At the time, Mr. Marx was living in the singer’s suite at the Waldorf Towers, and when his stepfather was out of town, he’d let Mr. Calvani sleep over in the Chairman of the Board’s room, where even the shower doors bore the monogram “F.A.S.”

Mr. Calvani hung out with the new breed of cool cats, too. He has fond memories of Steely Dan co-founder Walter Becker’s Central Park West apartment, where, he said, Mr. Becker kept a synthesizer “the size of a Mack truck.”

And then there was the night Tony Curtis came through the window.

Mr. Calvani recalled sitting in a friend’s East 64th Street townhouse with the actress Kelly ( The Lady in Red ) LeBrock sometime in the early 80′s. “This was about 6 in the morning. The sun was just coming up,” Mr. Calvani recalled. “And I’ll never forget: Tony Curtis had a cane and an eyepatch on, and he climbed up the drainpipe of the townhouse on 64th Street and opened the window and made his entrance.”

As with many of Mr. Calvani’s stories, there is a slight disconnect to the Curtis incident. He offered no explanation as to how he came to be in a townhouse with Ms. LeBrock at the crack of dawn. Though at Da Silvano Mr. Calvani inhaled nothing stronger than a steady stream of Coca-Colas and Marlboro Reds, it’s perhaps worth mentioning that a certain amount of drug lore has attached itself to him over the years. As JohnnyBoy, Mr. Calvani makes several cameo appearances in Mr. Benza’s memoir Fame: Ain’t It a Bitch , in which he provides the former gossip columnist with various substances he calls “the shit that killed Bruce Lee.”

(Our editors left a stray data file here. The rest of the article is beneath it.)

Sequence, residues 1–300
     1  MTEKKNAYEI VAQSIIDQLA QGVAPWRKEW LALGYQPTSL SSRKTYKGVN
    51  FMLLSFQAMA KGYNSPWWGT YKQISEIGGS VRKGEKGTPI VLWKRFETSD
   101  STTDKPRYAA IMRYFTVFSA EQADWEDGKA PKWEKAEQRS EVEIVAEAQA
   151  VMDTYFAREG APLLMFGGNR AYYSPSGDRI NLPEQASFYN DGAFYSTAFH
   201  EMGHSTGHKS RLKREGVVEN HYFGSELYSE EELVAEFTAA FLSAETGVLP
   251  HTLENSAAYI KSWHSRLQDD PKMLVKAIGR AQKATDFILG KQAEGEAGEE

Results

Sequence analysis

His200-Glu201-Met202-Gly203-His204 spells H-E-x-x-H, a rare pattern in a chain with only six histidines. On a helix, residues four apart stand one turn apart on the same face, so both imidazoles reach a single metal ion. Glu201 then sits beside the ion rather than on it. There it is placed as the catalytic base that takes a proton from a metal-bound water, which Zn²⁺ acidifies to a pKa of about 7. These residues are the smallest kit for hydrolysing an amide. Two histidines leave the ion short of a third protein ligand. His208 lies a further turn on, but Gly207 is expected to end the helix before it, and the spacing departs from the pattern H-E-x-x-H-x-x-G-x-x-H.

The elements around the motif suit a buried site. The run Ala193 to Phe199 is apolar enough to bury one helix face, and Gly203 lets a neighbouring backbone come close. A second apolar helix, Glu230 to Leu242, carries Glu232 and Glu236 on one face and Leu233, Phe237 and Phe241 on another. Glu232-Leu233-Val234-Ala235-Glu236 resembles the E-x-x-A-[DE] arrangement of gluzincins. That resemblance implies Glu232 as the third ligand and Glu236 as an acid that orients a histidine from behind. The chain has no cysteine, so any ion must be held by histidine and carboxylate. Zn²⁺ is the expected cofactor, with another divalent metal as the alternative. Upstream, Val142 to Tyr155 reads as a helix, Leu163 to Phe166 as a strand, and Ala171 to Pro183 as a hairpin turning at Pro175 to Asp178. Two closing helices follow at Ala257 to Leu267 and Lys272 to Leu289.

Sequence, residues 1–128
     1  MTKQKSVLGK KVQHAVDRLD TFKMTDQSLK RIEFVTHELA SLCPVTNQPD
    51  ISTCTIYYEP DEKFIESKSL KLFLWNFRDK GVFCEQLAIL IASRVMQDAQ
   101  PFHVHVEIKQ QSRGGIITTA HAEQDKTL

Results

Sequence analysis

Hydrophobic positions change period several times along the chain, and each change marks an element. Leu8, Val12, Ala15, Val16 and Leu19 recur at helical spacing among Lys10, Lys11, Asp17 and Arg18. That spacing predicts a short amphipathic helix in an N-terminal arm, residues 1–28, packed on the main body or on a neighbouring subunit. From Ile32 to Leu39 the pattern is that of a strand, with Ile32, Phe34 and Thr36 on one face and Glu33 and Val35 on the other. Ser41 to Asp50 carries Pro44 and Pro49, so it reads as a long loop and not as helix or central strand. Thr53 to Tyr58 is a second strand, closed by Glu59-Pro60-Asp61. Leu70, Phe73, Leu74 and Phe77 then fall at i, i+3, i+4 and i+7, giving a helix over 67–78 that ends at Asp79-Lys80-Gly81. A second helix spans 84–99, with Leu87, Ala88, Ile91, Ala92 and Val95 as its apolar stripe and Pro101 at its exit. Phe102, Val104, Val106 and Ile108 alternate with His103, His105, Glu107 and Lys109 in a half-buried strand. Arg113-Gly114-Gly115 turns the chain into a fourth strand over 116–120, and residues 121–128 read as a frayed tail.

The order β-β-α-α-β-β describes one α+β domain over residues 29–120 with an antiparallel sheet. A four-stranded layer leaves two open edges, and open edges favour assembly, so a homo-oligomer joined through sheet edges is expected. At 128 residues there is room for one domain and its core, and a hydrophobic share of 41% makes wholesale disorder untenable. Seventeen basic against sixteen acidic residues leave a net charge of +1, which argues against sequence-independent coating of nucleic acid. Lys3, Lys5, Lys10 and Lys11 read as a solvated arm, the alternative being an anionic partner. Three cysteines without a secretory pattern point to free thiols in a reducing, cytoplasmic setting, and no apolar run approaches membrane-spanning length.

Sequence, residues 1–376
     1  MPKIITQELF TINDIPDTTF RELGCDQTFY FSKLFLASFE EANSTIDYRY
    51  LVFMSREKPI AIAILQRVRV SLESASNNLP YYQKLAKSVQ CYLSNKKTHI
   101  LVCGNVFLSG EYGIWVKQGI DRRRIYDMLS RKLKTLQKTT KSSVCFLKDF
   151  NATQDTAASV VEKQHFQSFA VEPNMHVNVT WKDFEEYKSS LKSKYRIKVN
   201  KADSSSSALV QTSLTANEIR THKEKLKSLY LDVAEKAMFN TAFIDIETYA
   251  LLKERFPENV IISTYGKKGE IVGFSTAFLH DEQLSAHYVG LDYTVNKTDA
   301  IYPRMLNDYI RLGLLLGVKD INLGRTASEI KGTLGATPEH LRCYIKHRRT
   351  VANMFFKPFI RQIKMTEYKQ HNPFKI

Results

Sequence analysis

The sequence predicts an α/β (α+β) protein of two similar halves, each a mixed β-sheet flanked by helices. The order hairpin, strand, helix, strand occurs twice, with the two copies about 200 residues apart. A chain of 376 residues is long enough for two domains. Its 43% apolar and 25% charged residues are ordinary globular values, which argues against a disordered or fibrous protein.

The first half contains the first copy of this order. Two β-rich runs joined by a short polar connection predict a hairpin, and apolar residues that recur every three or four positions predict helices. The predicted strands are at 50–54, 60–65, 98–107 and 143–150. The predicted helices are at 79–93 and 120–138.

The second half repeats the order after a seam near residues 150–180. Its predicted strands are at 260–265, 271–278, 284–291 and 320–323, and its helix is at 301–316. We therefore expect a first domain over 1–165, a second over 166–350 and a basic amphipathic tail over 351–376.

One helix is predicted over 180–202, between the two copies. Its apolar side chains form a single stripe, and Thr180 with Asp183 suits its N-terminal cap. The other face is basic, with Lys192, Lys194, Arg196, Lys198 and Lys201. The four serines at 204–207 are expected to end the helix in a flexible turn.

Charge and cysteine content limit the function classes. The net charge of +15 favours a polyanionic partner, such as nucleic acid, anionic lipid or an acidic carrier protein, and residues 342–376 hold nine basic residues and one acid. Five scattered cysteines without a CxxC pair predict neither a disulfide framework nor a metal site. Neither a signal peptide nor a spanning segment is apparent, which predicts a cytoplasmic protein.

Mr. Calvani did not care to elaborate on this subject for The Observer , even after it was pointed out that during his stint as a nightclub stand-up-more on that later-his routines were laced with references to matters pharmaceutical. “Girls, sex, drugs and rock ‘n’ roll-what else you want a comic to talk about?” Mr. Calvani said.

Shortly after he turned 32, Mr. Calvani decided to become a rock star. He claimed that it was simply a pastime-”my golf”-but given that he had recently befriended Mr. Nicholson, Mr. Calvani had probably become enamored of fame.

He labored to write a hit, though he is typically modest about his talents. “The secret to my rock ‘n’ roll career was, my band was better than me-so I could just go out and be wild,” he said. The fluctuating lineup included guitarists Laurence Juber, of Wings, and Jimmy Rip, who was then a regular on Mick Jagger’s solo recordings.